For my first novel, Father’s Creed, I decided to write historical fiction. I do read a fair amount of history, fiction and nonfiction, but it’s only one of the many go-to genres that I enjoy. I plan to write more books after this one, and have already started a sci-fi novel, Ghost City, while I was vacationing from Father’s Creed after its first draft.
Lately, as I edit, my mind is wandering to new stories. Like wildflowers, my seeds of imagination are spreading to other fields, and I’m not drawn to any particular category of novel. Though I’m excited by the thought of being a prolific cross-genre writer, there are few authors that have done this, and done this well.
So, as I dream of sci-fi and fantasy tales I’d love to nurture into novels, I wonder if what I’m writing now will keep me from doing so. If my first novel is historical fiction, and let’s assume it has some relative success, I’m certain that everyone from readers to my agent and publisher will push for me to create another in its likeness. Goodbye, Ghost City. Goodbye, unnamed fantasy novel. Hello, Father’s Creed 2, 3, etc.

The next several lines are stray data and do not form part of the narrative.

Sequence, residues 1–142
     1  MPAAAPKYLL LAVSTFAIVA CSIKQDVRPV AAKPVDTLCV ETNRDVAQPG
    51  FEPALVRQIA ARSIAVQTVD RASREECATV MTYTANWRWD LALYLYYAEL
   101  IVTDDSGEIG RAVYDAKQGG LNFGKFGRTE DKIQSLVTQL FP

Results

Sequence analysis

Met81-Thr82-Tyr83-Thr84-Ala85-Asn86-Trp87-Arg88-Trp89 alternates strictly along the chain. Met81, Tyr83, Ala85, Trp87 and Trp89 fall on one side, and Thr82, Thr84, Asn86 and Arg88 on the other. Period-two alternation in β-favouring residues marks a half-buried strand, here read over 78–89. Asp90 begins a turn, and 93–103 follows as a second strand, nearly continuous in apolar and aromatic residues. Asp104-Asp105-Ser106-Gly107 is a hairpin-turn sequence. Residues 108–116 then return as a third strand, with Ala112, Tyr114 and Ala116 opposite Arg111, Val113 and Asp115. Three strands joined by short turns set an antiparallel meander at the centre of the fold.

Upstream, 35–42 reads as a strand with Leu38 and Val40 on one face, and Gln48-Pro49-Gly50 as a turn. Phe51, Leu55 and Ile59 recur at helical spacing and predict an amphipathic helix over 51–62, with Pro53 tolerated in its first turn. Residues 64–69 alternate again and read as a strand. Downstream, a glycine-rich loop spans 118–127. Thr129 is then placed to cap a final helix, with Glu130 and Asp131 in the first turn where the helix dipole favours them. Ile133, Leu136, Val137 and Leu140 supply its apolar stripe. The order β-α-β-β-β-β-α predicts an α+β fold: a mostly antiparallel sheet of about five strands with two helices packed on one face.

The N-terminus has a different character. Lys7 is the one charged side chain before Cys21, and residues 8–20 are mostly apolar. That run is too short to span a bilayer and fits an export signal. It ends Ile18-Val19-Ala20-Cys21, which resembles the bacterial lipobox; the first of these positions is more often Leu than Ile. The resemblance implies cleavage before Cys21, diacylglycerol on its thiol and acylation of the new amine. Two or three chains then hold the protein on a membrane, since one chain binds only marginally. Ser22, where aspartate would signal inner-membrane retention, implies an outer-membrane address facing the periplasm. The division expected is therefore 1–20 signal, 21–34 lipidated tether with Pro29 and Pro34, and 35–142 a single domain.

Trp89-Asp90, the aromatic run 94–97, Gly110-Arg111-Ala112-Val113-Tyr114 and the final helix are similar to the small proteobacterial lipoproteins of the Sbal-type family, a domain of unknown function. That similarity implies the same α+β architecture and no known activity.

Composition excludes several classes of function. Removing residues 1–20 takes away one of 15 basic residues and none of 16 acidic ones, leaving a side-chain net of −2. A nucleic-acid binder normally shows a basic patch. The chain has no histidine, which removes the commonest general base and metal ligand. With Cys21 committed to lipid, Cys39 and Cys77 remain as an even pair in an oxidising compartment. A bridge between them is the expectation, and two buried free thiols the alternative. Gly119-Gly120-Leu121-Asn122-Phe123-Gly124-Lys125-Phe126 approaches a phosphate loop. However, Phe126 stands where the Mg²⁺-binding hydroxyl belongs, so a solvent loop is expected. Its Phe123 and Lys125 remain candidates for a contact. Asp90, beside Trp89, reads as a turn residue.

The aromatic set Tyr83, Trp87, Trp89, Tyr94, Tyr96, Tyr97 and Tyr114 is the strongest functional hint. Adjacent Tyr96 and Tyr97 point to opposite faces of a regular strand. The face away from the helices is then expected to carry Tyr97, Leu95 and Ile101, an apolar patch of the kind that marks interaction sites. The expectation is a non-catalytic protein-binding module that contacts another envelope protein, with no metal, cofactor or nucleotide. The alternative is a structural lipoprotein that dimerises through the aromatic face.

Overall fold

Now that notion does not completely dishearten me. To think that people out there would want to read more of what I’ve written is fantastic, and even if I only ever write sequels to FC, (and I have started to develop those story ideas), I will be excited, but will some part of me be unfulfilled? Will I be playing the “what if?” game forever? What if I had written Ghost City first? Would I then be trying to alter FC to fit into a sci-fi realm? (Baptist Farmers in Space)
Worst case scenario, I adopt a nom de plume and repeat the publisher-seeking process as Asus Dasani (a name cleverly and quickly plucked, like many passwords and password hints of old, from that fountain of randomness known as ‘things on my desk’).
I hope that I’m not terribly domesticated by my readers or my handlers, but if I am corralled for my remaining days, I’ll never forget my wild roots. No one can stop me from writing what I want to, and really no one can stop me from publishing what I want to. There is a freedom that writing gives you, and it does not do well in confinement. It travels on the wind, and if it has the desire to, it changes the direction that wind is blowing. I aim to hitch a ride on that freedom and settle where I please, for a time.
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